Pathfinder; or, the inland sea eBook

This eBook from the Gutenberg Project consists of approximately 536 pages of information about Pathfinder; or, the inland sea.

The soldiers were soon satisfied with the prospect, and one by one they disappeared, until none were left on deck but the crew, the Sergeant, Cap, Pathfinder, the Quartermaster, and Mabel.  There was a shade on the brow of the last, who had been made acquainted with the real state of things, and who had fruitlessly ventured an appeal in favor of Jasper’s restoration to the command.  A night’s rest and a night’s reflection appeared also to have confirmed the Pathfinder in his opinion of the young man’s innocence; and he, too, had made a warm appeal on behalf of his friend, though with the same want of success.

Several hours passed away, the wind gradually getting heavier and the sea rising, until the motion of the cutter compelled Mabel and the Quartermaster to retreat also.  Cap wore several times; and it was now evident that the Scud was drifting into the broader and deeper parts of the lake, the seas raging down upon her in a way that none but a vessel of superior mould and build could have long ridden and withstood.  All this, however, gave Cap no uneasiness; but, like the hunter that pricks his ears at the sound of the horn, or the war-horse that paws and snorts with pleasure at the roll of the drum, the whole scene awakened all that was man within him; and instead of the captious, supercilious, and dogmatic critic, quarrelling with trifles and exaggerating immaterial things, he began to exhibit the qualities of the hardy and experienced seaman which he truly was.  The hands soon imbibed a respect for his skill; and, though they wondered at the disappearance of their old commander and the pilot, for which no reason had been publicly given, they soon yielded an implicit and cheerful obedience to the new one.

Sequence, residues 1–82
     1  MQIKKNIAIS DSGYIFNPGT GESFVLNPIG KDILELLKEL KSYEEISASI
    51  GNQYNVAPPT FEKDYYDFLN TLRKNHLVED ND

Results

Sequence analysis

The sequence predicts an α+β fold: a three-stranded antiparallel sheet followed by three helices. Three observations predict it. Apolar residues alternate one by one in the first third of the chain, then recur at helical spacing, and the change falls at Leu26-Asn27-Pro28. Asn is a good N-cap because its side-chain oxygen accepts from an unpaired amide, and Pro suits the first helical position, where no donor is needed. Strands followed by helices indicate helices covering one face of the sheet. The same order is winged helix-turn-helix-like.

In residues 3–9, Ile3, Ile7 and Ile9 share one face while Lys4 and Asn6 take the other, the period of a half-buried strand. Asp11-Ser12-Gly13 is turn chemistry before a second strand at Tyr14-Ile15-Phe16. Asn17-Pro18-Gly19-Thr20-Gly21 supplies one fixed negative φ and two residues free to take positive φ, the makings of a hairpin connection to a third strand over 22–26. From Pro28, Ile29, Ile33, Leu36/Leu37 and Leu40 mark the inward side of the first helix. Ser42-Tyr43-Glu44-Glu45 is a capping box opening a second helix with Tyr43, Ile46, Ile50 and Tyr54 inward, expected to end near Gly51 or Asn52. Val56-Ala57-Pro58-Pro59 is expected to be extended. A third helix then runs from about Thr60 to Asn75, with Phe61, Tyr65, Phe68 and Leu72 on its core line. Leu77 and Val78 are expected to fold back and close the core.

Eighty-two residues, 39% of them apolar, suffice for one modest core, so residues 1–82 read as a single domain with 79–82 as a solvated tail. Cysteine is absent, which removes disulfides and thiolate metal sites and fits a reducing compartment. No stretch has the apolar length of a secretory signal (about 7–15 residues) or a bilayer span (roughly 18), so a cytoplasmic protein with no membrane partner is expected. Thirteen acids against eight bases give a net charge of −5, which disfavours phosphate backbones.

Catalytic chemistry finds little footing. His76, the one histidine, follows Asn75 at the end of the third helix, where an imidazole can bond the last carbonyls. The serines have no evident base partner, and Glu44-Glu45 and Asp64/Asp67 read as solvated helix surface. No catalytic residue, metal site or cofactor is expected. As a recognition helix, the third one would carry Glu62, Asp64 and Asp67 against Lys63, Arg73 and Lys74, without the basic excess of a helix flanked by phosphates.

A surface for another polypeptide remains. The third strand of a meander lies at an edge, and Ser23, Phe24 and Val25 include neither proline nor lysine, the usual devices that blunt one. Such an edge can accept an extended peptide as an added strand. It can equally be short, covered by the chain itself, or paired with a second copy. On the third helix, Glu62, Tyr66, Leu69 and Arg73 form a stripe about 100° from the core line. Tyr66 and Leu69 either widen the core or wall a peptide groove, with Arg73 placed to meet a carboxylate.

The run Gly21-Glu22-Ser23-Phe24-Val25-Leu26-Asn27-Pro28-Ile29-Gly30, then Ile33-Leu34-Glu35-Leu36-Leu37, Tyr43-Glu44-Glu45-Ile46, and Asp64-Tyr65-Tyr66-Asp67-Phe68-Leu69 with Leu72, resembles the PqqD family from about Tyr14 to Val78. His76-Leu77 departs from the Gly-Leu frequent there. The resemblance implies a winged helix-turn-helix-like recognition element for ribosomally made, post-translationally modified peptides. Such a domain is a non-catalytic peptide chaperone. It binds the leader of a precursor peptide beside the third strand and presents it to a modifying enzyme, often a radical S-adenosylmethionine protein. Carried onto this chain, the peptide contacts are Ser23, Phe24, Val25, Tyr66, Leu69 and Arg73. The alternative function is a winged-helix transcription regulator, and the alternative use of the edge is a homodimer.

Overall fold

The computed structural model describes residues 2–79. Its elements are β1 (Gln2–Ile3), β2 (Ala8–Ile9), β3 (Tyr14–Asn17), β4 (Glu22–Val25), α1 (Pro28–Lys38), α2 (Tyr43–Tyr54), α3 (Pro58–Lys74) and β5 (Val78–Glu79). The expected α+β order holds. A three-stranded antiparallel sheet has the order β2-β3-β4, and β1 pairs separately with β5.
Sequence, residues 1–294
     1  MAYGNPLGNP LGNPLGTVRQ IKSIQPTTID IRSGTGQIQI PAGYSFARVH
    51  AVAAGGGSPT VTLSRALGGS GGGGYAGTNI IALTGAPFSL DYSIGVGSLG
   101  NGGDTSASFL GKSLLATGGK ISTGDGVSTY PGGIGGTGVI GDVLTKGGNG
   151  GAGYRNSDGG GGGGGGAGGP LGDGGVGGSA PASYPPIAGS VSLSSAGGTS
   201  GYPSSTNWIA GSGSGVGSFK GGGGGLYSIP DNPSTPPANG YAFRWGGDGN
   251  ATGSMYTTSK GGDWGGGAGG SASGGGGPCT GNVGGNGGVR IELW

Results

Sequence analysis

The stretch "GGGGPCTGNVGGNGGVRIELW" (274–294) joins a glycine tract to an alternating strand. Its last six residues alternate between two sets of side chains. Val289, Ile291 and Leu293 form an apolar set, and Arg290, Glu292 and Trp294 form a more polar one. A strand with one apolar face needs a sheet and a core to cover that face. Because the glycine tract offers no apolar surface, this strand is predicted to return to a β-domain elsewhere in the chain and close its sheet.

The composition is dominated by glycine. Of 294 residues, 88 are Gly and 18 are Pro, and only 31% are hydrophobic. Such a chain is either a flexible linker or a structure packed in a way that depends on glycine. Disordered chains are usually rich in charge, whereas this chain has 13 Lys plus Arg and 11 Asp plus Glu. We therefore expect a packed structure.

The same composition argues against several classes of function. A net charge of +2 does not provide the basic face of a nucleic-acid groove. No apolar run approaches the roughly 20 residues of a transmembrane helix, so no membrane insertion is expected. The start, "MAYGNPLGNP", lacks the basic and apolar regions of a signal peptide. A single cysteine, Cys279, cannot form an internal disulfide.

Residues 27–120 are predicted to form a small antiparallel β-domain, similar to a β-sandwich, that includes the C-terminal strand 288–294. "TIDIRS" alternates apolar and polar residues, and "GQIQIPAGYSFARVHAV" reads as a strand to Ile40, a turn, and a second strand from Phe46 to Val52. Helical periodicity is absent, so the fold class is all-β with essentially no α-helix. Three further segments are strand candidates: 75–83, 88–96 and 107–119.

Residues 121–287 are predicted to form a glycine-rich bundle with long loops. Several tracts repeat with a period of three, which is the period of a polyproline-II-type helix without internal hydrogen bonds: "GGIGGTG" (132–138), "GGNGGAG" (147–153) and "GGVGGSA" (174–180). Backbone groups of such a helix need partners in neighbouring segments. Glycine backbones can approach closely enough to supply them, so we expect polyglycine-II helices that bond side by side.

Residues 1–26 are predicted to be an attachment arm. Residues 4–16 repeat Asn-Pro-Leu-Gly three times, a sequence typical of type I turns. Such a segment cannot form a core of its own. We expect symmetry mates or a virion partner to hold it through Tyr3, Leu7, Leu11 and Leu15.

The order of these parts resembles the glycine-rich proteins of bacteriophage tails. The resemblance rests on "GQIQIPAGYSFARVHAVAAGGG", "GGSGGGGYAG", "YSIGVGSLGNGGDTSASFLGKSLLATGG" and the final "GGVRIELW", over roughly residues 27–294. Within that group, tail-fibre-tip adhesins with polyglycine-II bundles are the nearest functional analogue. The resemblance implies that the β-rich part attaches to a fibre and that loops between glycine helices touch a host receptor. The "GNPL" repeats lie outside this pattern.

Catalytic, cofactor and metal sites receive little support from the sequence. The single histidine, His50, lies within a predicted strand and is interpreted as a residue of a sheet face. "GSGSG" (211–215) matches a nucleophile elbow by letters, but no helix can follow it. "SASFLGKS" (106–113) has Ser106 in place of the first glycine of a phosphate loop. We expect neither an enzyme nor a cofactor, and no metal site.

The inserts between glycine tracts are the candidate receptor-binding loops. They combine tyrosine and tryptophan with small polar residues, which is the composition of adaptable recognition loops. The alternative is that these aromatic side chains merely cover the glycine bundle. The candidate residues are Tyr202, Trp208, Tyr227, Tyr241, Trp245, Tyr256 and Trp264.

“This bit of fresh water, after all, brother Dunham, has some spirit, I find,” cried Cap about noon, rubbing his hands in pure satisfaction at finding himself once more wrestling with the elements.  “The wind seems to be an honest old-fashioned gale, and the seas have a fanciful resemblance to those of the Gulf Stream.  I like this, Sergeant, I like this, and shall get to respect your lake, if it hold out twenty-four hours longer in the fashion in which it has begun.”

“Land, ho!” shouted the man who was stationed on the forecastle.

Cap hurried forward; and there, sure enough, the land was visible through the drizzle, at the distance of about half a mile, the cutter heading directly towards it.  The first impulse of the old seaman was to give an order to “stand by, to ware off shore;” but the cool-headed soldier restrained him.

“By going a little nearer,” said the Sergeant, “some of us may recognize the place.  Most of us know the American shore in this part of the lake; and it will be something gained to learn our position.”

“Very true, very true; if, indeed, there is any chance of that we will hold on.  What is this off here, a little on our weather-bow?  It looks like a low headland.”

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Pathfinder; or, the inland sea from Project Gutenberg. Public domain.
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